Sunday, March 12, 2017

Jeff Sessions And Steve Bannon Share A Vision For America-- And For Texas


Americans have gotten a look at Trump's new Attorney General, Jefferson Beauregard Sessions, and they don't like what they see. A new Quinnipiac poll included a question about him for the first time. By a 52-40% margin, voters say Sessions lied under oath during his confirmation hearings and by a 51-42% say he should resign from office. Most American voters-- 66%-- support the establishment of an "independent commission investigating potential links between some of Donald Trump's campaign advisors and the Russian government." Only 30% disagree.

Sessions has no intention of resigning. He has an ugly, reactionary agenda he's been waiting his whole miserable life to implement. His "recusal" on Putin-Gate investigations is hollow and ineffectual. And his recusal on that case doesn't mean he won't be putting his energy into other ways to prove he truly is-- in Trump's own words (as well as Stalin's)-- "an enemy of the people." Take voting rights, for example. Sessions moved quickly to withdraw the government from the Texas case alleging racial discrimination in a Texas voter ID suit.

A bigger worry, was highlighted last week on NPR's Fresh Air when Terry Gross interviewed journalist Emily Bazelon about the longstanding relationship between Sessions and Trump's in-house neo-Nazi, Steve Bannon and how they plan to use the Justice Department to further their goals. Bazelon makes the point that Sessions nd Bannon have been working together even before either of them became part of Team Trump and she contends that "they took a long-shot bet on Trump that just happened to pay off." Now they can deal with a shared "deeper cultural discomfort with the growing population of people who are not white in this country, coming from a kind of traditional white sense of propriety of what America is about. That is what's motivating Sessions and Bannon, and that it's part of what's driving the more extreme elements of this presidency."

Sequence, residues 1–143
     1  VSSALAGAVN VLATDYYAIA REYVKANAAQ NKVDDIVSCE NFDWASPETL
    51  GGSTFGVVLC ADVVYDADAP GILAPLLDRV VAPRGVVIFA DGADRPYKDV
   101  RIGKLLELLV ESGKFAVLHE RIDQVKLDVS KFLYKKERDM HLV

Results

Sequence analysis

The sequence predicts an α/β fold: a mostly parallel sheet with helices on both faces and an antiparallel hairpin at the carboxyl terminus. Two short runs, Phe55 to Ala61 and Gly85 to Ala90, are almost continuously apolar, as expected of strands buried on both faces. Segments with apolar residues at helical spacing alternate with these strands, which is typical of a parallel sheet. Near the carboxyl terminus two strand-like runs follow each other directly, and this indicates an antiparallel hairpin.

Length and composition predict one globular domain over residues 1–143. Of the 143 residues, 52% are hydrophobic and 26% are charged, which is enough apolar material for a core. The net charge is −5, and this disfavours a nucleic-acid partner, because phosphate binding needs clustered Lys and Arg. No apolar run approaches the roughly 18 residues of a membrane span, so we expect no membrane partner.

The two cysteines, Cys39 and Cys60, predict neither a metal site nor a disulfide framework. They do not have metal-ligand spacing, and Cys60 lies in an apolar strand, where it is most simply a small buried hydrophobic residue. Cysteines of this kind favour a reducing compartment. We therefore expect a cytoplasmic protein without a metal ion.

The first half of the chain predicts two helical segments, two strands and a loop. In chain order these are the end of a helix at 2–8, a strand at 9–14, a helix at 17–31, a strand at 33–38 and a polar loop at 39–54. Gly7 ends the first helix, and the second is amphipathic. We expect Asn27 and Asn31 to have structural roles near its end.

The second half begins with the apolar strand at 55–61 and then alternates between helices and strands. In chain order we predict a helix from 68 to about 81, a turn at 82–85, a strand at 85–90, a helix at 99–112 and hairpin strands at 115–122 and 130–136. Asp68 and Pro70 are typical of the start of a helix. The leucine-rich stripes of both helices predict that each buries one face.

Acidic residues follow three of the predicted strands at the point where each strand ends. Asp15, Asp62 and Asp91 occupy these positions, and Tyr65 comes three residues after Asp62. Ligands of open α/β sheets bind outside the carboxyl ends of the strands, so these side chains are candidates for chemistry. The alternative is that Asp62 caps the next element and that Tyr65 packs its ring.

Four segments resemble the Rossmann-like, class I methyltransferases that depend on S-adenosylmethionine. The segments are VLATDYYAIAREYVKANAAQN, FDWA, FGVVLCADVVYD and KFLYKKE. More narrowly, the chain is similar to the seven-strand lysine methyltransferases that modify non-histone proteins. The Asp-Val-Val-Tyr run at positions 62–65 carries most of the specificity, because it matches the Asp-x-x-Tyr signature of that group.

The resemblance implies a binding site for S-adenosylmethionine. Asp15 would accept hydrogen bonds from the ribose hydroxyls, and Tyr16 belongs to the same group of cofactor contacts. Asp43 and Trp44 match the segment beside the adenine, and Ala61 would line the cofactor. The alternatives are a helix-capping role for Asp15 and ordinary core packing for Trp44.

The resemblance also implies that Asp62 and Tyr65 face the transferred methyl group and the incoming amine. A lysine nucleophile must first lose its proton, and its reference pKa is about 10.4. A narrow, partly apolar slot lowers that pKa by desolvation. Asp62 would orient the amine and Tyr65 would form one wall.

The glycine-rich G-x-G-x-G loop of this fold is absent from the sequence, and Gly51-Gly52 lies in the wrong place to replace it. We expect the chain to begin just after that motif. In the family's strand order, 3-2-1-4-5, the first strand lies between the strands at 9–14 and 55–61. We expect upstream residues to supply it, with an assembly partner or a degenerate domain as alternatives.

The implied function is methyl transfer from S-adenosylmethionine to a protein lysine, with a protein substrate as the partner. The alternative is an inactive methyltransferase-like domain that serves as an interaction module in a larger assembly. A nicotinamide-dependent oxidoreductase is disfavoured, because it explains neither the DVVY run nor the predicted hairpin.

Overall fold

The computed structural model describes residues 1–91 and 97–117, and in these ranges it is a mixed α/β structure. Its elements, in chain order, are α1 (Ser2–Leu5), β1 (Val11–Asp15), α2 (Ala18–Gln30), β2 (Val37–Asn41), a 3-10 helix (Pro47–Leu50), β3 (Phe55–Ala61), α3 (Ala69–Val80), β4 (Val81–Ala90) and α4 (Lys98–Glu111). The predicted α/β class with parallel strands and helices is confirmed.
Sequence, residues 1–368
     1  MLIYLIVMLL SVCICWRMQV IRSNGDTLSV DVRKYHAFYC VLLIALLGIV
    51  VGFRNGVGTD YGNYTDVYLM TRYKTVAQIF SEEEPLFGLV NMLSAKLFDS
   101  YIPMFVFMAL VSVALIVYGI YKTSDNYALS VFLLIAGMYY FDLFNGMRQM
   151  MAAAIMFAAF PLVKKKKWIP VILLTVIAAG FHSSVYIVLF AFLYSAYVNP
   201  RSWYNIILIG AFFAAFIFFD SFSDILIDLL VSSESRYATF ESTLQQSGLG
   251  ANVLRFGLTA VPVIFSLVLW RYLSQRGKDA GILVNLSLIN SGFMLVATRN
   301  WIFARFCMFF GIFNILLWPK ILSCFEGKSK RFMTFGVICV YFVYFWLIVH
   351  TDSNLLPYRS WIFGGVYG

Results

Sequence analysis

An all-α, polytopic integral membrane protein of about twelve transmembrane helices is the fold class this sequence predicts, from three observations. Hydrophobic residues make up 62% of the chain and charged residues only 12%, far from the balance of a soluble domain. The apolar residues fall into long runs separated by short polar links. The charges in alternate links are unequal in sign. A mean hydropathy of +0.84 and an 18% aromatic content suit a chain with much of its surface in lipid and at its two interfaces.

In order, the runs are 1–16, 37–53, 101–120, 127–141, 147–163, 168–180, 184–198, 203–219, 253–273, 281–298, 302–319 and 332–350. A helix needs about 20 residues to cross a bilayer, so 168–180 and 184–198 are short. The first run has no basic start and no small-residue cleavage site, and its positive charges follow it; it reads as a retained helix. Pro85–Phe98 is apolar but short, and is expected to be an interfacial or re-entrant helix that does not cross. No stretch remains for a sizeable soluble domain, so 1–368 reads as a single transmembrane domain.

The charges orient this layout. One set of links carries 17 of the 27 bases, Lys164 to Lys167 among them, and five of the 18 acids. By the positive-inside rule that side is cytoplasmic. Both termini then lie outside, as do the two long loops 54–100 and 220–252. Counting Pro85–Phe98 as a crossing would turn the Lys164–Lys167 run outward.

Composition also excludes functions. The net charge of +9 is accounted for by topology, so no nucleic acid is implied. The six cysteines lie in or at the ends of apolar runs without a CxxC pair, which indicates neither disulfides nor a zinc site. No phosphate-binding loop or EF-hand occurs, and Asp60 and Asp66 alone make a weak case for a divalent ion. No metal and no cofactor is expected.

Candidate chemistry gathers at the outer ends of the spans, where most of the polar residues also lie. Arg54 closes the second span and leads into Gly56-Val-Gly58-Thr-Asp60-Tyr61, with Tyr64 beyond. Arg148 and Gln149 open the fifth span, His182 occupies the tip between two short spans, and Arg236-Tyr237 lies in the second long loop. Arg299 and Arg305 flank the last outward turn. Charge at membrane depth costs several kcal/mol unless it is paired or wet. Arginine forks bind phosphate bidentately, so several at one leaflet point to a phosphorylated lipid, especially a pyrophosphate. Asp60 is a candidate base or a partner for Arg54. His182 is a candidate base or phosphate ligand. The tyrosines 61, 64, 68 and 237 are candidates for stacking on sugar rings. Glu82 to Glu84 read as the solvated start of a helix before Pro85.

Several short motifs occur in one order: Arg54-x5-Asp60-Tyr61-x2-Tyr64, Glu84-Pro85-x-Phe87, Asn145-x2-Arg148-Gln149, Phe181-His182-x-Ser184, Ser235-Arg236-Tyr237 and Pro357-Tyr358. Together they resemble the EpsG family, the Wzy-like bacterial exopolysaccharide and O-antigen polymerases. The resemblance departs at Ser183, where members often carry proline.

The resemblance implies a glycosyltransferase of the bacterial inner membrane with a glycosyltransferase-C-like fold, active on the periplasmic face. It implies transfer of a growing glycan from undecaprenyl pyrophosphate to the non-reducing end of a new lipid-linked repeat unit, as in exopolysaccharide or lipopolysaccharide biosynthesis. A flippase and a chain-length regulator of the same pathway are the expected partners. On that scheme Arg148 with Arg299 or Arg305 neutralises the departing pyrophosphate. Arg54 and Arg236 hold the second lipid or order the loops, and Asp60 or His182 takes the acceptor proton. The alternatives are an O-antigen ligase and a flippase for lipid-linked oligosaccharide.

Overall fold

[B]efore Trump's candidacy, these were marginal fringe figures, Sessions and Bannon. They did not have anything like a central role in Washington. They didn't have a whole lot of power. But they had really strong ideas. And they had, I think, a very well developed sense about messaging. So then Donald Trump comes along. And he begins his campaign by, you know, in this broad brush way accusing Mexicans of being rapists. He gets a lot of attention. Nobody really takes him that seriously.

But Sessions and Bannon could see a willingness to kind of sign on to this anti-immigrant, divisive, nationalist agenda that they had been pushing for a few years. And so that's what I mean by vessel. In a sense, like, Donald Trump from their point of view was this happy coincidence that came along. What we do know is that, as you said, Sessions endorsed Trump pretty early on. And then Bannon wrote with some excitement to a friend of his to say that while he liked some of the other Republican candidates like Ted Cruz and Carly Fiorina, he was ready to sign up for Trump because Trump had endorsed the nationalist anti-immigration plan that Sessions was working on.